Google has come in for a lot of criticism over the last year or so, some of it justified, some of it not so. Whilst it is unrealistic to expect and assume that Google is and potentially can be a perfect entity, I for one would certainly suggest there is some room for improvement within the current resultset both in terms of quality of results and support for existing products.
Sometimes struggles to focus
There isn’t a day that goes by where we don’t see something new in our search index, whether that change be algorithmic or increasingly structural within the search index. From the addition of comparison ads to new layout to cater for local searches to the integration of local – 2010 was certainly a bumper year for changes.
That said, there is an argument that it may be time for Google to go through a period of consolidation – to build on what is there and ensure this is the best it can possibly be. I personally can’t help that with the sheer amount of diverse products that Google currently has in the ether that it is in danger of becoming a ‘jack of all trades – master of none’. Some level of focus in my opinion on existing markets and products is needed along with a shift away from the current ‘beta’ launch framework that appears to have been adopted.
Sometimes lacks attention to detail
It is certainly at these so-called lazy affiliates that Google’s most recent ‘spam detection’ updates would appear to be targeted at. The new spam detection classifier to help prevent “spammy on-page content” from ranking highly in the Google search index would certainly indicate a revised mindset towards targeting low quality content within its index. And not before time. One would suggest this sounds very much like 2004 rhetoric from Google – and to a certain degree I have to agree.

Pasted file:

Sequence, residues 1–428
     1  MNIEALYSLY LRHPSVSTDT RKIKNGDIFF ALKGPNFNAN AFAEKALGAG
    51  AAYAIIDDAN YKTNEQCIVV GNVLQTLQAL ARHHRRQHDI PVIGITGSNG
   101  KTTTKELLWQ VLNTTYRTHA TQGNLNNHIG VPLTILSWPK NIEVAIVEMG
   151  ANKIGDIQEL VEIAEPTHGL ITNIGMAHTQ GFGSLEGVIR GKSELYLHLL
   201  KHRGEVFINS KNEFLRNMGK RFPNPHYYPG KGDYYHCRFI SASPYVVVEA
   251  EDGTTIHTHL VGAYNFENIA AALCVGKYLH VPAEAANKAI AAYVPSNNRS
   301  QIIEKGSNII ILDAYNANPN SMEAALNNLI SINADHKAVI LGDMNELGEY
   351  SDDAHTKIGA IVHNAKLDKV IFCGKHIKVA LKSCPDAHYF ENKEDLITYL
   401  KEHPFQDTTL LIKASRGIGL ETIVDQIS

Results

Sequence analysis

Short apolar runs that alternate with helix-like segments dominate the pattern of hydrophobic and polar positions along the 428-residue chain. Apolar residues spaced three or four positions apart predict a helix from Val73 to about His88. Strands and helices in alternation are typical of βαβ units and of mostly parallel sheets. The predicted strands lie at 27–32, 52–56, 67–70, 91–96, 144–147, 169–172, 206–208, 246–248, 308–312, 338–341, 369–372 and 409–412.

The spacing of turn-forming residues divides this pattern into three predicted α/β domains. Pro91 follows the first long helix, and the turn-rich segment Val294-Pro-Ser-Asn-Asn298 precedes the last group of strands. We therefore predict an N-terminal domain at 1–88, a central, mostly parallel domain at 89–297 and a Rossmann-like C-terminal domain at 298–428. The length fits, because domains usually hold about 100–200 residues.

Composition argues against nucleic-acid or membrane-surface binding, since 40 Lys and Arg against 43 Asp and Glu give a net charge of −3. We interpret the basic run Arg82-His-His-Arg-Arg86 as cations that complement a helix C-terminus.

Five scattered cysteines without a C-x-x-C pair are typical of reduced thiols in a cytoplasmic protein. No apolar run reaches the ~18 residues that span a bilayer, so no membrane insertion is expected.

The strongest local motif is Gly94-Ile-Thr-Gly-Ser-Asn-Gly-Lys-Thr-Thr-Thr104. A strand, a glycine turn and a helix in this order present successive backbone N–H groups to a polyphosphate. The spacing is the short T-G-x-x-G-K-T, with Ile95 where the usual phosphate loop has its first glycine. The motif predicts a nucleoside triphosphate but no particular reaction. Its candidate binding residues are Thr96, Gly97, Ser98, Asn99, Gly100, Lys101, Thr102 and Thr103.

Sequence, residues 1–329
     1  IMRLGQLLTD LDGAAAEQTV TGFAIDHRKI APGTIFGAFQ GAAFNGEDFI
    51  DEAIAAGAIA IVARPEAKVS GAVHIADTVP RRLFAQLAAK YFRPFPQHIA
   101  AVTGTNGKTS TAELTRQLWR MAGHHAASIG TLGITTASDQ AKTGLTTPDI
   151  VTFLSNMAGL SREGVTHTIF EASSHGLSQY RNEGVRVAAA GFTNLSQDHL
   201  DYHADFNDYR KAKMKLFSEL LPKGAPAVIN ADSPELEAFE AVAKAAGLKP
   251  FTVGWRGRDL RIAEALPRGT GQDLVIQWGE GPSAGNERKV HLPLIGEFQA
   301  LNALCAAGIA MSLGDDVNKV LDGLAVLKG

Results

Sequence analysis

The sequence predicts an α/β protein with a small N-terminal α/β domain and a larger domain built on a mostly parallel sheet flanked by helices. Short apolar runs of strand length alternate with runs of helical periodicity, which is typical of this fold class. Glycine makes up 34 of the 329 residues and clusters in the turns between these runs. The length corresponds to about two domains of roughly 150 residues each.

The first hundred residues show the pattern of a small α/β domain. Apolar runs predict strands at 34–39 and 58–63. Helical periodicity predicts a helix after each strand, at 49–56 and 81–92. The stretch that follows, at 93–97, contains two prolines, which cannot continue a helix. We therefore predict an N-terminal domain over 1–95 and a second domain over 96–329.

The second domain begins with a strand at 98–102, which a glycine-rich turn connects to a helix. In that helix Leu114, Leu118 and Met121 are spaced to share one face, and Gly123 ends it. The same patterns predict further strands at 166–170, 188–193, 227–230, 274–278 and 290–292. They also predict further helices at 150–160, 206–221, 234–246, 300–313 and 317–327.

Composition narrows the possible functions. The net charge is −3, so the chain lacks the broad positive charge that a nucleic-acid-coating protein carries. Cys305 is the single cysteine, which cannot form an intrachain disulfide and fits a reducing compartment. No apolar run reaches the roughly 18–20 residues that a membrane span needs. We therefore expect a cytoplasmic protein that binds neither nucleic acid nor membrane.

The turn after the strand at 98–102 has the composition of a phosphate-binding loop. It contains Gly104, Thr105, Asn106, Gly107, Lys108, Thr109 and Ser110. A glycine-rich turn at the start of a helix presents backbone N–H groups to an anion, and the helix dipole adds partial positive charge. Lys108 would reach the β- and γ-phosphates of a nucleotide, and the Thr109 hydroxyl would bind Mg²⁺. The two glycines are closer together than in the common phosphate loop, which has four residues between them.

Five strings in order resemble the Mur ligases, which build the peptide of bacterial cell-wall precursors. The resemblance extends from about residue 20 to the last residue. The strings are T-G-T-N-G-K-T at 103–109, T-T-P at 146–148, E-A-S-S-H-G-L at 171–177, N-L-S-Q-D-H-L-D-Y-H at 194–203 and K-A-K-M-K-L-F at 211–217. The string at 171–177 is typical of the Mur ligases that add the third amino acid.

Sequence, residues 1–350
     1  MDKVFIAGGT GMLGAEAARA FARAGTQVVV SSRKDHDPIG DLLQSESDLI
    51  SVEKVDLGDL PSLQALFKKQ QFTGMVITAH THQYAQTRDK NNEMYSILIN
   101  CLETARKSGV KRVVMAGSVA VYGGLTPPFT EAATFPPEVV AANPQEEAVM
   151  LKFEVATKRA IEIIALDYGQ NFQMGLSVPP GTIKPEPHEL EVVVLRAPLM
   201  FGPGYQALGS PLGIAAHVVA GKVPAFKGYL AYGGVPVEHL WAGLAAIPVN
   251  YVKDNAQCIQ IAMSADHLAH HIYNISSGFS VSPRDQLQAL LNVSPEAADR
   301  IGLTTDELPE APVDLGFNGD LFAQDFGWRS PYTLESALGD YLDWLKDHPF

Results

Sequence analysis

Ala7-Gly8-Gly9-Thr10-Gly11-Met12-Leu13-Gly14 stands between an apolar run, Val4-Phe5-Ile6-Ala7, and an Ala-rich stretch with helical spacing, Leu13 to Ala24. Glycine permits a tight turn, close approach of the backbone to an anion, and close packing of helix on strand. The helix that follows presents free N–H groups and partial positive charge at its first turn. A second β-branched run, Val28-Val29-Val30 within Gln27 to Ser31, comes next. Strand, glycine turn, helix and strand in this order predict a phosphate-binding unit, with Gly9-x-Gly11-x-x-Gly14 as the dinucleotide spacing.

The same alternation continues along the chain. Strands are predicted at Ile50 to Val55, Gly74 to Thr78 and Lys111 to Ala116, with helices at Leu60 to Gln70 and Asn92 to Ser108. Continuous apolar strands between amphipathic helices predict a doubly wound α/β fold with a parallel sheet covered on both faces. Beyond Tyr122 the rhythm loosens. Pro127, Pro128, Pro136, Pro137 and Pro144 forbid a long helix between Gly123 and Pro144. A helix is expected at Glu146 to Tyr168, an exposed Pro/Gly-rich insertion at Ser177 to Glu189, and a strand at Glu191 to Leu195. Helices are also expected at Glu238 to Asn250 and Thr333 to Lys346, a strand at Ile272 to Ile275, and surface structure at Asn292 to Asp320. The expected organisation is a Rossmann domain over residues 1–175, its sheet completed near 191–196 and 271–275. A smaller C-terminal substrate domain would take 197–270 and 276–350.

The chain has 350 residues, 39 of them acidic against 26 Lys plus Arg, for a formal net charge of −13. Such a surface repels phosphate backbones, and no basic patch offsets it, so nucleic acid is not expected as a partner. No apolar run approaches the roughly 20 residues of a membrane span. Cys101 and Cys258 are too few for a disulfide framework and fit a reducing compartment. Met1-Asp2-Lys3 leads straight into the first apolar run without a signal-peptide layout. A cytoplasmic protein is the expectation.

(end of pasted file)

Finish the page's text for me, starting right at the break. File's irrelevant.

That said its never too late to fix a particular problem – and if Google are to stay ahead in the search game it is going to comedown to as much about the quality of their search product as the degree of new innovation introduced to their search product.
Needs support in order to flourish
I certainly have been vocal of the lack of support Google has for its Local product. This has been magnified recently given the greater level of traction that Google has placed on Local over the last year or so. Further to that the movement of Marissa Meyer over to progress Google’s local offering may suggest further reinforcement is immenant – and badly needed.
The current local framework is wholly inadequate for modern usage. The simple/sms/mail framework is too simple for many modern day business configurations,and the bulk feed/verification and support leaves a lot to be desired. That said with some very exciting local products being rolled out in the not too distant future (one in particular I am extremely looking forward to) surely Google can’t leave things as they are – or can they???
Balancing Financials vs Usability
Increasingly, we have found a number of Google resources sneaking into our search results. There has been some recent clamour of Google favouring their own results in the search engines however in many instances I think this is merely a case of the cream rising to the top. However that said, we are more seeing greater prominence thrown to innovative additional results such as those found for credit cards
These have only received limited rollout within the Google search engine results however there is no chance that we wont see further instances of comparison ads throughout the Google network over time. In my opinion however Google needs to manage any such rollout carefully as it has the potential to upset both existing advertisers and potentially consumers as well – and I would suggest recent trends of launching products before their ready would have to be very carefully considered here.
At the end of the day, Google are accountable to their investors. Search is their playground and they are going to expand into areas that make them money – that is the way of life.Posted in Google, Technical SEO | Tags: comparison, Google, google local, google scorecard